“Unlike other sizing technologies that are anchored in gender issues, such as bra size, our body scanning technology is completely genderless,” Bigi continues. “So using just two images, no app required, it generates a 3D mesh of your body and then predicts over a million data points that are used to map your perfect fit size while fueling ongoing size R&D as a whole.”
Because everything is made to order, Laws of Motion is a zero-waste, zero-inventory company, Bigi says, producing through its U.S.-based supply chain. In addition, the technology is “flipping the script” on core apparel industry KPIs: achieving a 1% return rate, increasing size inclusion 20x, and generating 70% more profit margin high compared to other direct-to-consumer brands. In the next five years, the brand will eliminate more than 4.425 million tons of CO2 emissions, according to Bigi, almost a third of what US clothing brands are producing today.
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“It’s not the typical approach, but nothing we do at Laws of Motion is.”
The brand’s on-demand production isn’t the only way it’s redefining fast fashion, but it also takes a collaborative stance to ensure its offerings reflect customers’ real wants and needs. “Our customers play a big role in our styles and colors, and I’m constantly in awe of the relationship we’ve developed with them,” says Bigi. “It’s pretty amazing to watch it evolve. Our newest product, the Moxie Romper, which I’m wearing today, was inspired by tons of input from our community.”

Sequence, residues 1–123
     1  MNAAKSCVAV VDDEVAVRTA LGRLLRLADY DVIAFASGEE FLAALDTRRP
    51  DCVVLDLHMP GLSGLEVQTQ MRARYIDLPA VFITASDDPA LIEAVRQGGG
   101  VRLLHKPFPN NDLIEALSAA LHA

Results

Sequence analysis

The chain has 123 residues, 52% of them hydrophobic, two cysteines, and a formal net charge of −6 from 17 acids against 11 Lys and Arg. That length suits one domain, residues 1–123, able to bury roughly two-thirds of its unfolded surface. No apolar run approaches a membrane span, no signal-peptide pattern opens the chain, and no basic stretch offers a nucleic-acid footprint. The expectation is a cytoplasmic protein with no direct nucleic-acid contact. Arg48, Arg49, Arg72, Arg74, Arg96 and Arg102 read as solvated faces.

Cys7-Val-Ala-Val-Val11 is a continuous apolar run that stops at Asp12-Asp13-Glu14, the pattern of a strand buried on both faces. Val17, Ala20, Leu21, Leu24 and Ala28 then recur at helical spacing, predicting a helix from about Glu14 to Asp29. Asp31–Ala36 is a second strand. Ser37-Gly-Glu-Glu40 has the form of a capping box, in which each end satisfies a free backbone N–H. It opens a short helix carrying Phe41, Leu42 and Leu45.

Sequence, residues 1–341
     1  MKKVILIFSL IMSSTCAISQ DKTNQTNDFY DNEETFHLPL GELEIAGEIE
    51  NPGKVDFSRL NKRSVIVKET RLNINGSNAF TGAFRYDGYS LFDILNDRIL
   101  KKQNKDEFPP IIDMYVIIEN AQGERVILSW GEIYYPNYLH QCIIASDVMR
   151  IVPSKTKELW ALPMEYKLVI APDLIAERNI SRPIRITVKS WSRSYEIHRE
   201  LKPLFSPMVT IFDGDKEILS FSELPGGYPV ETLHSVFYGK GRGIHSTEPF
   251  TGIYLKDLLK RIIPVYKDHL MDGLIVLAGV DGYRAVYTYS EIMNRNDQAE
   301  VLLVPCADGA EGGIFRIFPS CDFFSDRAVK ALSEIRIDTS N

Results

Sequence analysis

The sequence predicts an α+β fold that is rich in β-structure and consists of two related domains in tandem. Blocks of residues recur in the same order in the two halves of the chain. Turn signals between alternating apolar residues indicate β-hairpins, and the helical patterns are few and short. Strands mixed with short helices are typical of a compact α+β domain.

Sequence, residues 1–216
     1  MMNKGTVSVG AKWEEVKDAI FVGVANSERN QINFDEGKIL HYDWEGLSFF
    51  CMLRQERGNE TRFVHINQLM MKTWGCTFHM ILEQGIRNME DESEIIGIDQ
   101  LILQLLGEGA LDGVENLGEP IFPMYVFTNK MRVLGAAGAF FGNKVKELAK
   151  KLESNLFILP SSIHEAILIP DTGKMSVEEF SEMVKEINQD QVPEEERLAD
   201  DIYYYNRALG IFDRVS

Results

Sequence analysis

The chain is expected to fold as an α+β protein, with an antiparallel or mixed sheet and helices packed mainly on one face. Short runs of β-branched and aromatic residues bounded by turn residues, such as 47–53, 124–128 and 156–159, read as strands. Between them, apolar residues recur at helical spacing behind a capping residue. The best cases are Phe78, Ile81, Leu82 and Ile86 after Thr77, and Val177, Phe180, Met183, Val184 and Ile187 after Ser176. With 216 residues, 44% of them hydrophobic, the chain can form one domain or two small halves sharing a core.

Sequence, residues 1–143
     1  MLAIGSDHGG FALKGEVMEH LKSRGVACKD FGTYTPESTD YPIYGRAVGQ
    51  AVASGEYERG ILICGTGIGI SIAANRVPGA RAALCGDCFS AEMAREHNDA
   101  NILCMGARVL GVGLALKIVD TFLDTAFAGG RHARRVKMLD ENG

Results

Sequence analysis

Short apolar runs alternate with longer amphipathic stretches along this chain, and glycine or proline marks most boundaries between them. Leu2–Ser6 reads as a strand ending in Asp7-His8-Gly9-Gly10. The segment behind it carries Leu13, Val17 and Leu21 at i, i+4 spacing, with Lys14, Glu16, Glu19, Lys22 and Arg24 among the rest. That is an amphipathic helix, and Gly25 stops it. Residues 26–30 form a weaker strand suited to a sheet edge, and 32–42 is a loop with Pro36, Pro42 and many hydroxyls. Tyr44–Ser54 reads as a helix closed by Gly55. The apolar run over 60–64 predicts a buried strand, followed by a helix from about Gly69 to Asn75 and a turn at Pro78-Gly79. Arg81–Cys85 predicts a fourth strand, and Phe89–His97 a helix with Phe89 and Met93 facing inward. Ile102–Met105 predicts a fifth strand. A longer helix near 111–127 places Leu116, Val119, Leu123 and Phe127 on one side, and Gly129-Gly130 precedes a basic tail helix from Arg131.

“It’s not the typical approach,” admits Bigi, “but nothing we do at Laws of Motion is, and we’ll continue to release new styles and collections monthly to further validate our hypotheses of the multivariate relationship between the ratios of women and perfection. tight clothes.”
And fast fashion isn’t the only problem Laws of Motion is committed to solving. Bigi is also determined to dismantle an industry that conditions women to identify with one size. “It is completely unfounded and contributes to the toxic social norms that we are actively rewriting and rewriting,” Bigi explains. “At Laws of Motion, your size is your name, because it doesn’t matter what shape or size you are; what matters is that each product looks like it was made to fit you perfectly, because it was.”
Image credit: Courtesy of Laws of Motion
“We envision a world where women of all shapes, heights and weights have equal access to the perfect clothes.”
Bigi stresses that the clothing industry is “completely out of alignment with consumer values.” Today’s conscious consumers are looking for personalization, inclusion and sustainability, all of which precision data makes possible. In addition, other industries, including beauty and healthcare, have already evolved to meet these desires, Bigi notes, while the clothing industry is decades behind. Laws of Motion is ready to be the solution.
“We envision a world where women of all shapes, heights, and weights have equal access to clothing perfectly made specifically for them with zero waste,” says Bigi. “And we won’t stop until this is the norm across the industry.”
As the sun sets and excited attendees head below deck to try out the technology for themselves, it looks like the brand is well on its way to doing just that.